Four things to grow an amazing $100 million company.

If I can do it you can do it too.

John Warner
Control Your Destiny

--

In the mid 1990s, I was running a large angel capital group in Greenville, SC. An associate heard about an organic grocery store chain in Asheville, NC seeking to grow. We called on the founder, Roger, who gave us a tour of his store and convinced us he had a strong concept. We had folks with lots of grocery experience in our investor group.

After investing we opened a second store in Charleston, SC. That didn’t go well. We took a step back and asked a series of questions that defined the company’s future.

What is essential to achieve our objective?
We all agreed we wanted to grow into a large regional chain that we could sell to a strategic buyer for more than it was worth to us. Visualizing what that looked like was key.

What skills do we need to accomplish that?
We had a strong marketing concept, so we needed a new CEO who was a strong operator. That sounds obvious in retrospect, but it took us a while to think through that conclusion. The first job description was a superhuman who didn’t live on this planet. So we focused on the two or three things which were most critical. That strong consensus was powerful as we interviewed candidates together.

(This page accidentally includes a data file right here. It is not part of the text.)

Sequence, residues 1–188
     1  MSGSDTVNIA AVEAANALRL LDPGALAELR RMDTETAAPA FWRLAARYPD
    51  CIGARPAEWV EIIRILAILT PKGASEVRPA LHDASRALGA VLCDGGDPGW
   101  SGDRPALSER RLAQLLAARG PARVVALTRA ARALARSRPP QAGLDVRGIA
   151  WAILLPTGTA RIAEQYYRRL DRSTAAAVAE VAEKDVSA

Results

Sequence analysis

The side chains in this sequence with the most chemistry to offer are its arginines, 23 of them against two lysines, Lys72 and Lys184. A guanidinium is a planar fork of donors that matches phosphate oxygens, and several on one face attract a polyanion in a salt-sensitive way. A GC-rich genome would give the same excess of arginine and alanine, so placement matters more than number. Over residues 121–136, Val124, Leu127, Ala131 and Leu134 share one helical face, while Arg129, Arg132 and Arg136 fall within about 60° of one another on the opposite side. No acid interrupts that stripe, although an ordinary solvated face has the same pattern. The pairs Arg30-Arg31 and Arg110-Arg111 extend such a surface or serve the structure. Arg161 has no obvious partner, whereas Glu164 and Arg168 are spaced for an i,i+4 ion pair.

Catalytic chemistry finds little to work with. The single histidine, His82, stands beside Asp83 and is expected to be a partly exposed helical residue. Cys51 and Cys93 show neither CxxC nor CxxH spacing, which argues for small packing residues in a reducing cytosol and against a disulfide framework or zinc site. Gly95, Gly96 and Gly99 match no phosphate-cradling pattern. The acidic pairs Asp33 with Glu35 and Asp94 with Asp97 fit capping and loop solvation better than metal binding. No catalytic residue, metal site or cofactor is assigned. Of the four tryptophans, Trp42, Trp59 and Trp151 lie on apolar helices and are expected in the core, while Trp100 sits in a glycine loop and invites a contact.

Then we hired a CFO and several other members of the leadership team with other skills we needed. We let the original President/COO go because he chafed at this process. That was unfortunate because had he worked with us, he was a talented guy and could have been a good team member.

A key to any high performing team is getting the right people on the bus and the wrong people off the bus.

What are success metrics the team is accountable for? As we visualized a large regional chain, we identified the most important key metrics indicating we were on the right track. One of the biggest was demonstrating our new store location model could accurately project revenue 18 months after opening. Once we achieved that, our pitch to a strategic buyer was “just add cash” so they could continue to open new stores. Agreeing on success metrics was key to recruiting the CEO and the rest of the team, and achieving them was the foundation of our compensation plan.

Then let go and allow people to do their jobs. That’s key to building a highly empowered team. Tell me what I have to be accountable for, and then get out of my way and let me do my job with passion.

Isn’t this where we all want to work? Isn’t this where people who work for us want to work?

As Chairman, my job was to help the team work through this process and then organize regular meetings to keep the team on track, monthly at first and then quarterly as the flywheel started spinning. The thought process needed for the team to prepare for these update meetings was as important as what was actually presented at the meetings. By the time the team got to the meeting, most of the hard work is done. It was helpful for me not to be in the day to day grind so I could bring some outside perspective to the process.

Earth Fare went from one store and $7 million in revenue to 14 stores and $100 million in revenue when we sold it. Our investors got an 8X return on their investment. If I can do it, you can do it too!

Contact me at j3warner@gmail.com and let’s talk.

--

--

John Warner
Control Your Destiny

Serial entrepreneur sharing 40 years of insights to control your destiny in our turbulent times